ether

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See also: Ether

English[edit]

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Alternative forms[edit]

  • aether (British spelling, obsolete in chemistry)
  • æther (dated British spelling)
  • aethyr, ethyr (archaic spellings)

Etymology[edit]

From Old French ether, from Latin aethēr (the upper pure, bright air), from Ancient Greek αἰθήρ (aithḗr, upper air), from αἴθω (aíthō, I burn, shine).

Pronunciation[edit]

Rhymes: -iːθə(r)

Noun[edit]

ether (countable and uncountable, plural ethers)

  1. (organic chemistry, countable) A compound containing an oxygen atom bonded to two hydrocarbon groups.
  2. (organic chemistry, uncountable) Diethyl ether (C4H10O), a compound used as an early anaesthetic.
  3. (ancient philosophy and alchemy, uncountable) A classical physical element, considered as prevalent in the heavens and inaccessible to humans. In some versions of alchemy, this was the fifth element in addition to air, earth, fire and water.
  4. (archaic, physics, uncountable) A substance (aether) once thought to fill all space that allowed electromagnetic waves to pass through it and interact with matter, without exerting any resistance to matter or energy (disproved by Einstein in his Theory of Relativity).
    • 2013 June 14, Jonathan Freedland, “Obama's once hip brand is now tainted”, The Guardian Weekly, volume 189, number 1, page 18:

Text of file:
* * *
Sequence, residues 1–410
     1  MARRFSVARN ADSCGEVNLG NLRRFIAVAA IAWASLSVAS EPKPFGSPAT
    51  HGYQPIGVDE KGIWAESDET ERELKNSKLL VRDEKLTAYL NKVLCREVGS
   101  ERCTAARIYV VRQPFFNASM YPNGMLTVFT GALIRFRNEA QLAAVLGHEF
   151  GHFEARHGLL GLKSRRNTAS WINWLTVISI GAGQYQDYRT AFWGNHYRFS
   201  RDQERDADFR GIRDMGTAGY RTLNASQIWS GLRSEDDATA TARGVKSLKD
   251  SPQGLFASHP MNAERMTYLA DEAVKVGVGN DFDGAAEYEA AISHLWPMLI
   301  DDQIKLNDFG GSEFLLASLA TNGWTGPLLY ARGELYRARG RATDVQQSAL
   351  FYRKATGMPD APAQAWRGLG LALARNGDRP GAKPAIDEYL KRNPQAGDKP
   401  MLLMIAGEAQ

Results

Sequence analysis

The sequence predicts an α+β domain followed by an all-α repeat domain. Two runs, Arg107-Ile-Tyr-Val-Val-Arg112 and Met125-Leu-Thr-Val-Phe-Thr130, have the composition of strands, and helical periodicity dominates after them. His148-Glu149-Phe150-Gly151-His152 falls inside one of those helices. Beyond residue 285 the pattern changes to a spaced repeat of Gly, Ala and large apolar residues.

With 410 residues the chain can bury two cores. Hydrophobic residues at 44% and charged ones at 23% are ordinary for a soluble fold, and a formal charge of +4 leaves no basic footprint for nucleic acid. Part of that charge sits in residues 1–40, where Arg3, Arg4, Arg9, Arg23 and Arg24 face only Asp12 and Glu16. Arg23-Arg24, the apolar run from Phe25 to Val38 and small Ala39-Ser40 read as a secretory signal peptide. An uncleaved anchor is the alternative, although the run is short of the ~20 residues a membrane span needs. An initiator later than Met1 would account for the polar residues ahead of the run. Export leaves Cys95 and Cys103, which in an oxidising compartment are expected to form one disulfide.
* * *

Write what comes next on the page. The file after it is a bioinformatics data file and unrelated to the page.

Now we are liberal with our innermost secrets, spraying them into the public ether with a generosity our forebears could not have imagined. Where we once sent love letters in a sealed envelope, or stuck photographs of our children in a family album, now such private material is despatched to servers and clouds operated by people we don't know and will never meet.
  5. (poetic or literary) The sky or heavens; the upper air.

Quotations[edit]

Derived terms[edit]

Translations[edit]

The translations below need to be checked and inserted above into the appropriate translation tables, removing any numbers. Numbers do not necessarily match those in definitions. See instructions at Help:How to check translations.

Verb[edit]

ether (third-person singular simple present ethers, present participle ethering, simple past and past participle ethered)

(transitive, slang) To viciously insult.

  1. The battle rapper ethered his opponent and caused him to slink away in shame.

Etymology[edit]

Hip hop slang. Originates from song by Nas, Ether (song). See Ether_(song)#Significance.

Quotations[edit]

For usage examples of this term, see the citations page.

Anagrams[edit]


Dutch[edit]

Pronunciation[edit]

Noun[edit]

ether m (plural ethers)

  1. (broadcasting) air, broadcasting
    De televisieaanbieder gaat digitale televisie via de ether uitzenden. The television provider is going to broadcast digital television over the air.
  2. ether

Derived terms[edit]

Anagrams[edit]


Portuguese[edit]

Noun[edit]

ether m (plural etheres)

  1. obsolete spelling of éter (used in Portugal until September 1911 and died out in Brazil during the 1920s).